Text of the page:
But it was now 2008, and Molly was mostly retired, while I focused the bulk of my training energy on CM. After finding the perfect spot to practice some retrieves, I left the car windows down, as the weather was pretty warm. I lined CM up for her retrieve, my friend blew her duck call and threw the bird. Before I knew what was happening, Molly ran by us at full speed, on her way to pick up the bird.
She had, quite literally, jumped out of the car window.
Two months later, she hit a big milestone in flyball. We celebrated. In between races, I took her out to cool off. Molly loved to make snow angels and there was just enough snow for that.
I noticed that she seemed slower than normal, so decided to have her evaluated by a chiropractor, thinking she might have injured herself during the car escape incident. One thing led to another, and within the span of a few short weeks, she was headed for surgery to have her left eye removed. I approached this with as much stoicism as I could muster. I knew a one-eyed dog who ran flyball just fine. I reminded myself that dogs do not understand, nor do they bring emotional baggage to their physical condition that we humans do. They do feel physical pain, though. It was imperative that I alleviate the pain Molly felt in her eye.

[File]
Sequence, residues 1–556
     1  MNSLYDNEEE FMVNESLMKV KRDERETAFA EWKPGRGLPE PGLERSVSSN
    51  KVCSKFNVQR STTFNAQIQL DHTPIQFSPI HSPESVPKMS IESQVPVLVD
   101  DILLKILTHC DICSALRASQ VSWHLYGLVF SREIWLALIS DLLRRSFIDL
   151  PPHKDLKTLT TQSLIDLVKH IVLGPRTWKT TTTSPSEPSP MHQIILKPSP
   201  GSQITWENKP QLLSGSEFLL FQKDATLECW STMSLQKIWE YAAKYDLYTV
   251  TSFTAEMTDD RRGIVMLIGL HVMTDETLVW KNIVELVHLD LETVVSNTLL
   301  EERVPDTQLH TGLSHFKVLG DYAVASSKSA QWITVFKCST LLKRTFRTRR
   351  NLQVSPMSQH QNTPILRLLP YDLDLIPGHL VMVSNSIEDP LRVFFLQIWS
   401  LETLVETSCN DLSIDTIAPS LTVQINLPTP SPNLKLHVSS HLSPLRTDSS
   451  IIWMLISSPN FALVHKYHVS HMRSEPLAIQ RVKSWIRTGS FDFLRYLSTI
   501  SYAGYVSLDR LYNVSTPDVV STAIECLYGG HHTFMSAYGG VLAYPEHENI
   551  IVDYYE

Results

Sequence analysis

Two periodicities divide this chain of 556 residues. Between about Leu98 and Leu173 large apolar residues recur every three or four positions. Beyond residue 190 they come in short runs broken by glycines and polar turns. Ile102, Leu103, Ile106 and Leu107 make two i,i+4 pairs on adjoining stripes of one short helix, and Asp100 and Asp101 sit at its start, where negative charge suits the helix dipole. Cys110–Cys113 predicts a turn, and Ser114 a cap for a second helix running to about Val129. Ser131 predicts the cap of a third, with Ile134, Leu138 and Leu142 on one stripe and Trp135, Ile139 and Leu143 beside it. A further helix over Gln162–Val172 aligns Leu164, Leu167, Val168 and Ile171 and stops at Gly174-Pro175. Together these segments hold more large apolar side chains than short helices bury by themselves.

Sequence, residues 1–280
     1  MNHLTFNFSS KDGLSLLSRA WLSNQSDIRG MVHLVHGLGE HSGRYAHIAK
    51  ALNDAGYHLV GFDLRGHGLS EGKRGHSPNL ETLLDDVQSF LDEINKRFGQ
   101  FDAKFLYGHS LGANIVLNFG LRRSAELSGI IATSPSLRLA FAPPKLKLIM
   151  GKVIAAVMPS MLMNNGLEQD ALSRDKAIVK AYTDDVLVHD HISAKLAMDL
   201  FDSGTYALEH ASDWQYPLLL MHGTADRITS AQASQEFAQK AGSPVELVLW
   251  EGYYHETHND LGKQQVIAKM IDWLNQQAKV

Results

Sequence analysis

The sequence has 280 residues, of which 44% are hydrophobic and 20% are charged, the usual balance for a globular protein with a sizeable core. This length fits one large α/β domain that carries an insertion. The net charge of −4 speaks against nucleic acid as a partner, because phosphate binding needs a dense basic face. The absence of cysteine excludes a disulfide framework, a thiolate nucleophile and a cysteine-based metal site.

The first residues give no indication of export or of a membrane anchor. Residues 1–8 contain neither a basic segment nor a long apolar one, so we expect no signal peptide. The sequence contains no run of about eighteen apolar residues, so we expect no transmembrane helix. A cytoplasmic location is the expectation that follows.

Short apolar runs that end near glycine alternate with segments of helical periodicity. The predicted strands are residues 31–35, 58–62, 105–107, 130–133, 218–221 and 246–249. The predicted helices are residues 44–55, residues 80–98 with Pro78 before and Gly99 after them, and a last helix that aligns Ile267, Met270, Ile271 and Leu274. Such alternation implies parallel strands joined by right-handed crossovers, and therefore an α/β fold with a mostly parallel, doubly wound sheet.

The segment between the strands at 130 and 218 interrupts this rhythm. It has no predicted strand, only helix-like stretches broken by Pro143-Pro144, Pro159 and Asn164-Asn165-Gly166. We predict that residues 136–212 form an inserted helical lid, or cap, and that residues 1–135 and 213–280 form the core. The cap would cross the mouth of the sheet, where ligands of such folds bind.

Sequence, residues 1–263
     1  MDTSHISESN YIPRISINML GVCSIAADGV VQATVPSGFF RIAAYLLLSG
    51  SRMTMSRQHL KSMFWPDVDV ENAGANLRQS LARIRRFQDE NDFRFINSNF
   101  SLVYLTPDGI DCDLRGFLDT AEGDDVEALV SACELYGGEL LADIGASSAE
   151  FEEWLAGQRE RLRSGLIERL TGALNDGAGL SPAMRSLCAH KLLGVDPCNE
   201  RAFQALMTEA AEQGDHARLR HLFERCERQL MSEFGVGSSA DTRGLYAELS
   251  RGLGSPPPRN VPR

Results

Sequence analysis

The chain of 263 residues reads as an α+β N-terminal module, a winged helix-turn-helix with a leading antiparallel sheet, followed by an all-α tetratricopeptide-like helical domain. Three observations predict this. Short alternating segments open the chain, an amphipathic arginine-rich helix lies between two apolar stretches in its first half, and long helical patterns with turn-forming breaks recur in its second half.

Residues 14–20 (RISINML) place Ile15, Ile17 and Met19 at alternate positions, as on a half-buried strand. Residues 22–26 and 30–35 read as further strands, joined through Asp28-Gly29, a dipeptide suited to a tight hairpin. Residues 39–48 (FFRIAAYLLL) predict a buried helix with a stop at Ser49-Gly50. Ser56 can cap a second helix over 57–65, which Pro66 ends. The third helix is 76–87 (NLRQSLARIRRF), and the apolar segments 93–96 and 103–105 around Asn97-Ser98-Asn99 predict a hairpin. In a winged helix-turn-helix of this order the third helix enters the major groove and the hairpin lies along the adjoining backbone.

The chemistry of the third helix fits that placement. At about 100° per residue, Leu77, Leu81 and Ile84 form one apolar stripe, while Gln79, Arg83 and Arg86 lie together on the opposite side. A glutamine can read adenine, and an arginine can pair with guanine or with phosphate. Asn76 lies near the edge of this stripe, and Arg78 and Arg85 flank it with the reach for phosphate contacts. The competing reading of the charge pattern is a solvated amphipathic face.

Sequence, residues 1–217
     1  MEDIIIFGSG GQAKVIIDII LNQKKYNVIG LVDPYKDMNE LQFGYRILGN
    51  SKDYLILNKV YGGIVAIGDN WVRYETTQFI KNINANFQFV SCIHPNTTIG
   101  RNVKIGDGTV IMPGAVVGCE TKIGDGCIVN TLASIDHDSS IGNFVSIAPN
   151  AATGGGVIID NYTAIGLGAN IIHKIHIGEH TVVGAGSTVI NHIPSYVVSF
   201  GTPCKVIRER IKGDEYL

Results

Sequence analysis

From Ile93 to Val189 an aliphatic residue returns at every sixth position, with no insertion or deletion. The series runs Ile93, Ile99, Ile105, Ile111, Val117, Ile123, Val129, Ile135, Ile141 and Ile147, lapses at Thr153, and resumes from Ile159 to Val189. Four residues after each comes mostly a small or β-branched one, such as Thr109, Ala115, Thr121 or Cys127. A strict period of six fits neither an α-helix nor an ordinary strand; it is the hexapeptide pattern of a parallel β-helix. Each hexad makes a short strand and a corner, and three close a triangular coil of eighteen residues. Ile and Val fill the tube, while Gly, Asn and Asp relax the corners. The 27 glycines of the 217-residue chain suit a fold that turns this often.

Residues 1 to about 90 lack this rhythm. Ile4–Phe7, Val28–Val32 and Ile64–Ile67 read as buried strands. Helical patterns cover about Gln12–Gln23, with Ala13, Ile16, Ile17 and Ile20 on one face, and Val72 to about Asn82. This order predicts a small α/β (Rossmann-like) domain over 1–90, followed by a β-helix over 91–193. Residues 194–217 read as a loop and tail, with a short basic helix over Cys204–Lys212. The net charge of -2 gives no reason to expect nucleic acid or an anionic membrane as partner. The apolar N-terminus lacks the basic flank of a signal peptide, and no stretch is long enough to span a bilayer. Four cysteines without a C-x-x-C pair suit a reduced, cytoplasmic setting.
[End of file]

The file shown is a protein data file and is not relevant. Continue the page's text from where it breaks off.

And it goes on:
When surgery day arrived, her system crashed and the optic surgeon called me to come get her. We drove directly to the U of M emergency department, where a veterinary student laid the devastating news at my feet: Molly was full of tumors – hemangiosarcoma. It was unlikely she would make it to her eleventh birthday, which was less than a month away.
The ER personnel drained fluid from her heart, temporarily transforming Molly into a new dog. She was ready to play again. But for me, it was as though the heaviness from her heart was transferred directly onto mine. I tried valiantly to be grateful for the gift of those last few weeks. I memorized every little thing about her. I took her for solo walks in the cold, dark January evenings.